|Clicked at Calicut, when I attended the Kerala Lit fest.|
Everybody has a favourite memory associated with their vacations destinations. Sometimes it is a childhood memory and at other times, it is a ‘dream-vacation’ they could finally afford. For me, the most indelible memories remain the time I spent in Kerala, annually, each year ranging from 15 days to two months, as both of my parents grew up in Kerala, and any chance they got, they returned to their roots. I have been to most places in Kerala and I can vouch that whoever came up with the caption ‘God’ own country’ did do justice.
Right from the time your flight hovers over Kochi , Thiruvananthapuram or Calicut (now Kozhikode), airports the stretch of green carpet that spreads out underneath you, is a splendid sight. The best part about travel in Kerala is that any place you choose to visit, it would not take you more than 8 hours, as the distance from Kasargod in Northern Kerala, to Trivandrum in Southern Kerala is just 560 kilometres, easily traversable by road or rail.
There are many reasons to visit Kerala in monsoons, the foremost being the sheer beauty of the place. During monsoon, the greenery takes a new hue, hitherto unseen, and even though I have seen it many times, it never fails to take my breath away. The dreamy visions of stunning landscapes that seem to leap out a water colour painting, lush green paddy fields, crickets and a myriad insects chirping, while the rain falls outside, while you are ensconced in the safety and comfort of a shelter, as you sip on a ‘nadan chaya’ (local Kerala tea) makes me want to pack my bags and take off to Kerala, in the next flight, even as I type this.
If that isn’t reason enough, to visit Kerala during monsoon, then the massive discounts that you can avail of, will definitely be a draw. Kerala, at other times of the year is expensive. But come monsoon, and you get the special rates, as the resorts slash their prices. Most schools in India, reopen in June, which makes it impossible for families with children to travel. The monsoon hits Kerala, around the same time resulting in low occupancy rates, which means a great deal for travellers.
Ask anyone if they have been to Kerala, and nine times out of ten, the destinations they name would be Munnar, Kumarakom and Kovalam. Everyone would have heard of these. But among the lesser known jewels that Kerala houses are three of my favourite spots-- Ponmudi , Nelliyampathy and Kuttikanam.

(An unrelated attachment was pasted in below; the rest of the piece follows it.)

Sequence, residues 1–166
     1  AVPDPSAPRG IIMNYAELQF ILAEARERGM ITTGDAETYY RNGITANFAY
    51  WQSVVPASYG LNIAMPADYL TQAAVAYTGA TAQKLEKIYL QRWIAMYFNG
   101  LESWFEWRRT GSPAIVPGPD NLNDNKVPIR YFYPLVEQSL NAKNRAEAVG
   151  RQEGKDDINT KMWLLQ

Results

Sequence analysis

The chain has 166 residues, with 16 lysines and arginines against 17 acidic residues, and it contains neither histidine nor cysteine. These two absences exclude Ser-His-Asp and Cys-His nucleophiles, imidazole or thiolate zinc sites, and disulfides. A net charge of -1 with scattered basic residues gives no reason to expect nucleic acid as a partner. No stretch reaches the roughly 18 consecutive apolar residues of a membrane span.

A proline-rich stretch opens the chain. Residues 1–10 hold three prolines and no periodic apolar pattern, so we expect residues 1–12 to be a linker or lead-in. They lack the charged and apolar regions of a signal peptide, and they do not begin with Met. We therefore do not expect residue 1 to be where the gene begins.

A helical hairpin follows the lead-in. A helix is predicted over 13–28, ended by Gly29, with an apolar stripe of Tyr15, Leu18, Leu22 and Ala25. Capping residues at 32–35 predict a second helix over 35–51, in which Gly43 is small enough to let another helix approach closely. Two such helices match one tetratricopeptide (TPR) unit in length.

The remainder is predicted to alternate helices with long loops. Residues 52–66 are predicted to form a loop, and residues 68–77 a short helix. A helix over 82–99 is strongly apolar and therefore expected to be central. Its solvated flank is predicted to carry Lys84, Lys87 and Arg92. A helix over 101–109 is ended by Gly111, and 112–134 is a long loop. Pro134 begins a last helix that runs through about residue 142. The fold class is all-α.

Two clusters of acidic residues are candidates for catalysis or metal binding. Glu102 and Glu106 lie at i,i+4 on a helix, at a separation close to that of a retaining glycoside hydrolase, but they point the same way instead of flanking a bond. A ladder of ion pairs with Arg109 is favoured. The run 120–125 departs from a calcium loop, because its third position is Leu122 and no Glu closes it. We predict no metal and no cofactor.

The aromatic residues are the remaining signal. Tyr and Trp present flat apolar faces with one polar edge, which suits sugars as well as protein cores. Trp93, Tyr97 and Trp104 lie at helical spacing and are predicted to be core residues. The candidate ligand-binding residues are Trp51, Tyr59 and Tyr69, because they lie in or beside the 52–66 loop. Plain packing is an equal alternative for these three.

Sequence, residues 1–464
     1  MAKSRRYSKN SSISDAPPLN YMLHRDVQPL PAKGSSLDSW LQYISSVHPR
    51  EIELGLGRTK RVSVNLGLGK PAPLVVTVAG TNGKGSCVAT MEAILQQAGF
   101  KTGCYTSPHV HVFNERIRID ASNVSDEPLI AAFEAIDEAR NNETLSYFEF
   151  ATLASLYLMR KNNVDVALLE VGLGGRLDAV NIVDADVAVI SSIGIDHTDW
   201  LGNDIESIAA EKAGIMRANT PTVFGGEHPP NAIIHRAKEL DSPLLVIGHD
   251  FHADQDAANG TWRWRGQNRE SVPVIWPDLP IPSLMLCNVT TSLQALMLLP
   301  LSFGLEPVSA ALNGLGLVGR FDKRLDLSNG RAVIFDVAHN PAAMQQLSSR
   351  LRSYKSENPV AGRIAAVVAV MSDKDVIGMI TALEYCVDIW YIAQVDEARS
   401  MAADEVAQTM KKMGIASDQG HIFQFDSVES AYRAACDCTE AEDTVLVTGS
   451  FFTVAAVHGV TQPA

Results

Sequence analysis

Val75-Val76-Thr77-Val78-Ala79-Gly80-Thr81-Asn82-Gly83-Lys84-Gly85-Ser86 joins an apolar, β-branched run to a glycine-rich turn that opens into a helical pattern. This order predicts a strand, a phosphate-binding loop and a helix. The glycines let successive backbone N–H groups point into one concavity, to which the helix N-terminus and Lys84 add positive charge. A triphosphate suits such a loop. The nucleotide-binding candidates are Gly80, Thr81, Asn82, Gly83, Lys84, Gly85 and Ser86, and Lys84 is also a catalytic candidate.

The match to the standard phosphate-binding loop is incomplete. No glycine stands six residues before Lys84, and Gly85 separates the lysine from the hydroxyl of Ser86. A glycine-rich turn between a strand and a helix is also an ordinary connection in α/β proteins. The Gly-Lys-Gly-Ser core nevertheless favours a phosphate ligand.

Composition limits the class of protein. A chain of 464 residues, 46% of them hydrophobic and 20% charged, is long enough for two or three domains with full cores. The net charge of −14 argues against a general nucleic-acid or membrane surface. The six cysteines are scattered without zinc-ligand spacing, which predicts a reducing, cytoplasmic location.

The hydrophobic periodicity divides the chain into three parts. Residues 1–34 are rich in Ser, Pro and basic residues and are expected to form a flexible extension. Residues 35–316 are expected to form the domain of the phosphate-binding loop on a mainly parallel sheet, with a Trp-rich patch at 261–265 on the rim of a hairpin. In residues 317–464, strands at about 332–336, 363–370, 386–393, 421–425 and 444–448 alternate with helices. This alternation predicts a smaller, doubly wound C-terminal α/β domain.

Ponmudi is a hill station, about 56 kilometres from the capital city of Thiruvananthapuram (or Trivandrum if you find that hard to pronounce). With its tea estates, mist covered valleys, and picture postcard views, a monsoon vacation here, could be best described as idyllic, unhurried and out-of-the-world. Nelliyampathy is another fabulous destination, with its cloud-caressed majestic peaks of its hill ranges, nestled in which are the tea-estates. I remember a particular vacation I took, where we roasted cashews that we plucked, in bonfires which the staff had lit. To reach Nelliampathy , one has to travel by road from Palakkad, and there are ten hairpin bends on the road. As you navigate each one, the air becomes purer, and takes you that much closer to paradise. There are bio-farms located on the way, and the Palagapandi estate also en route, has a quaint bungalow built during the British rule in India, which is now converted to a private resort.
Kuttikanam is a village in Idukki district, which is about 3500 feet above sea-level. The nearest city is Kottayam. It is a picturesque plantation town, soaked in the fragrance of cardamom surrounded by lush green hills.
The best way to find authentic places to stay would be to visit the Kerala tourism website www.keraltoursim.org where you could search for accredited service providers for hotels, resorts and homestays. Since the accreditation is done by the Tourism department, you can be certain of the quality, competence and trustworthiness.
While the tourist brochures, tout rains as romantic, make no mistake, the rains in Kerala can be brutal. They are incessant, continue for weeks. But the sheer magnificence of the place, far over-shadows the rains. If you like to watch the downpour, Kerala in monsoons is alluring, mesmerising, bewitching. It remains a place that haunts your soul and makes you want to come back, year after year.
Ps: Many of my books feature Kerala. Read A Hundred Little Flames which is set in a village in beautiful Kerala
pps: This piece was written on a special request by Financial Chronicle.